Connect with us


The British fintech Ebury received $400 million in investments from Spain’s leading bank

Santander invests $443.48 million in Ebury, a trade and FX facilitator for SMEs, to strengthen its Global Trade Services offer. The partnership further improves Santander’s position as the bank of choice for SMEs trading or aspiring to trade internationally. It will accelerate Ebury’s growth plans, which already operates in 19 countries, by entering new markets in Latin America and Asia.



This picture show two fintech employees.

British fintech Ebury has just announced a new round of funding. Santander, Spain’s leading bank, is injecting $443.48 million into a platform specializing in international payments and foreign exchange for SMEs.

Mergers between banks and fintechs

The mergers between major banks and fintech companies keep coming. The Spanish bank Santander has announced that it will acquire a 50.1% stake in the British fintech company Ebury, for a total of $443.48 million.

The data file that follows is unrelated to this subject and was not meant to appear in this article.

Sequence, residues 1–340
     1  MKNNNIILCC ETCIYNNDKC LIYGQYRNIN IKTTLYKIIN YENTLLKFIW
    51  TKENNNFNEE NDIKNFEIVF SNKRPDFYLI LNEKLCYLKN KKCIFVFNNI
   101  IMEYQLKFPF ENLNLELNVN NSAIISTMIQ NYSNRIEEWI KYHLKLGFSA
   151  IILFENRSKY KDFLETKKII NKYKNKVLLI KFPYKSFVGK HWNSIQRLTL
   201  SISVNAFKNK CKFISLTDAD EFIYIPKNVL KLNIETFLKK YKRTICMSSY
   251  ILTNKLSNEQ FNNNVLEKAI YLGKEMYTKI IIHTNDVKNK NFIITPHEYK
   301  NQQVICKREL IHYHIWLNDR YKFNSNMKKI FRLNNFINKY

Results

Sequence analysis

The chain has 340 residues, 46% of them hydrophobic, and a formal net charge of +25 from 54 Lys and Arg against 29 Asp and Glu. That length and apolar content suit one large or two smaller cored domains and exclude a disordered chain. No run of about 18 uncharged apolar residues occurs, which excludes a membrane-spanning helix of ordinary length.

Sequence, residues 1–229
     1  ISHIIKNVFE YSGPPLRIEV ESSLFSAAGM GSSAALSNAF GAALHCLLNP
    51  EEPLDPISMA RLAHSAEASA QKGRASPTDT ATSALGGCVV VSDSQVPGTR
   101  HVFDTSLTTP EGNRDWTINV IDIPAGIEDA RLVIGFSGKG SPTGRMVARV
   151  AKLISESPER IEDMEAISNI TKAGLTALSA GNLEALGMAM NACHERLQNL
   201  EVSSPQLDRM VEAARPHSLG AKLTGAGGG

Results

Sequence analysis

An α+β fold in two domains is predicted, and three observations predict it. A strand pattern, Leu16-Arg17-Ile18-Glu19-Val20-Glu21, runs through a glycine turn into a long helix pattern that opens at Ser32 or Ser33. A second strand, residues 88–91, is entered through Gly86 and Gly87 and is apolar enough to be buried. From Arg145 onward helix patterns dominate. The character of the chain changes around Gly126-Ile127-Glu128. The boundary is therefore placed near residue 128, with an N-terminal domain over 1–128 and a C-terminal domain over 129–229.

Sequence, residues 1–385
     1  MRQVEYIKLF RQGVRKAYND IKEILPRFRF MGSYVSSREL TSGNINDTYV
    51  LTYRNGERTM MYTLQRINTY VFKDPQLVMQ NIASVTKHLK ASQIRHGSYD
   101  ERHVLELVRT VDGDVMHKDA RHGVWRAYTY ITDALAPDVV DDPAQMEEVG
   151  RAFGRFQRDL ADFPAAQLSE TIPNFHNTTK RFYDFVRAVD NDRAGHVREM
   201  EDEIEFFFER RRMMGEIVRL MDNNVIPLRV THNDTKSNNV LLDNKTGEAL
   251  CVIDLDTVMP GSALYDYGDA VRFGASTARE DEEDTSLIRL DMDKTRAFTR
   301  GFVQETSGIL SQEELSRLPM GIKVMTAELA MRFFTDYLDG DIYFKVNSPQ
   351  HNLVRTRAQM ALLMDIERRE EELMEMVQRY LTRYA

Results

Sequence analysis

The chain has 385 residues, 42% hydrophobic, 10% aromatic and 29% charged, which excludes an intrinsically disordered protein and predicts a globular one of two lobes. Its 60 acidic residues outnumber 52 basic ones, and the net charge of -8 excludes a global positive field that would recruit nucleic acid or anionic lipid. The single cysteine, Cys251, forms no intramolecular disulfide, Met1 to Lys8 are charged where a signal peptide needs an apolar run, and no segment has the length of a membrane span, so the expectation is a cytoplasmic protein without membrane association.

Under the terms of the transaction, $88.71 million in new equity will support the start-up’s projects in new markets in Latin America and Asia. Discreet for a few years, the company had already completed two major rounds of financing: one amounting to $30 million at the beginning, then another $92.03 million through fundraising in 2015.

The current management team will continue to lead Ebury’s development. Sergio Rial, CEO of Santander in Brazil and the main sponsor of Santander’s Global Trade Services division, will join the fintech board of directors as president.

Ebury will continue to operate as an independent entity, supported by Santander and leveraging the bank’s extensive experience in operating the size of the Group to grow and develop the companies in which it has invested, such as Getnet, the bank’s Brazilian subsidiary.

Take advantage of Santander’s network of allied banks